Over the next decade, Nemanja worked on the expansion of his territory, and continued to fight with the Byzantines successfully. Although, in 1191, a large Byzantine army led by the new emperor Isaac II Angelus fought and defeated Stefan Nemanja. Nemanja retreated into the mountains with his remaining men and began raiding the Byzantine forces in the area. Nemanja had the tactical advantage at this point, so this prompted the Emperor to negotiate final peace treaty, in which Nemanja had to give up most of his Eastern conquest, and recognize the Emperor’s supreme rule.

On March 25, 1196, Stefan Nemanja summoned a council where he officially abdicated in favour of his second son, Stefan II. Although Vukan was his eldest son, Nemanja preferred to see Stefan II on the throne due to him being married to a Byzantine princess, which allowed them to have peace with Byzantium. Stefan Nemanja would later begin to establish the Serbian church in 1199 with his third son; Sava. Sava would later become ‘Saint Sava’, and Stefan Nemanja himself also later became a monk and took up the name ‘Simeon’, eventually becoming a Saint of Serbia too.

During the beginning of his reign, Stefan II had to deal with the heir conflict with his older Brother Vukan. While Nemanja was still alive, Vukan didn’t oppose Stefan II’s rule, but as soon as Nemanja died in 1199, he started to plot against Stefan II in order to become Grand Prince himself. Vukan used the help of the Hungarian Kingdom to overthrow Stefan II in 1202 and became ruler, while Stefan fled into Bulgaria. Vukan later became a Hungarian vassal and promised to convert to Catholicism if the Pope would give him the title of king. However, Vukan became involved in the Hungarian conflict with Bulgaria, leading to Stefan taking the opportunity to return to Serbia and overthrow Vukan, becoming ruler once again in 1204. The conflict power struggle between the two brothers only ended when the third brother, Sava, returned to Serbia from his work on founding Serbian Christianity. Sava brought with him the remains of their father, Stefan Nemanja, which convinces Vukan and Stefan II to make peace. Sava subsequently asked to stay in Serbia by Stefan, and he does so, starting his widespread education of the people of Serbia. In the following years, Stefan II still had to deal with the tension between himself and Vukan’s son Đorđe after Vukan’s death in 1209. This eventually led to Đorđe’s lands being taken from him in 1216.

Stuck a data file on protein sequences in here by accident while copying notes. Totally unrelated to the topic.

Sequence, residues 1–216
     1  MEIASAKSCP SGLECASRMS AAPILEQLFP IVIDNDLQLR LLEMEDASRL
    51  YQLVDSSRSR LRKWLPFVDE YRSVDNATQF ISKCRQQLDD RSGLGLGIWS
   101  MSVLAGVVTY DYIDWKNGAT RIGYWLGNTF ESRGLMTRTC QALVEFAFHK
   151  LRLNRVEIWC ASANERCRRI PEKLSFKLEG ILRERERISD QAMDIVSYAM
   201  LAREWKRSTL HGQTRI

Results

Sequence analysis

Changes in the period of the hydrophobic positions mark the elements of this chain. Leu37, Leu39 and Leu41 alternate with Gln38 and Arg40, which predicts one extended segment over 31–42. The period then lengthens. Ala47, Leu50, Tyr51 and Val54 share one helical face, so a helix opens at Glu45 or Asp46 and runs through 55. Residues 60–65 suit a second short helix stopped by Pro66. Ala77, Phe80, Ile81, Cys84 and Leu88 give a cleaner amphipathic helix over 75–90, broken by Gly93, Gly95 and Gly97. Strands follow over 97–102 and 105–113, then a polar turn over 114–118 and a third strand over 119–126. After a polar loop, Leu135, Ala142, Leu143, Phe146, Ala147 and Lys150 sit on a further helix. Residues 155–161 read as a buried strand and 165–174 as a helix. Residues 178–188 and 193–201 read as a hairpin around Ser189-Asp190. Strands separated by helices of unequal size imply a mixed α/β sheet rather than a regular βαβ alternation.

In 1217 Stefan, Stefan II managed to secure the title of king from Pope Honorius III. Sava brought the regal crown from Rome, and crowned his brother himself as ‘King of all Serbia’. In 1218, Sava began the real formation of the Serbian Church, and was consecrated as the first Archbishop of Serbia in 1219. In the same year, Sava published ‘Zakanopravilo’; the first constitution of Serbia, thus acquiring the Serbs both political and religious forms of independence. The Nemanjić dynasty continued to rule Serbian lands for the next 200 years, which emerged into a powerful state that would dominate the entire Balkan peninsula, eventually becoming the Serbian Empire on 1346.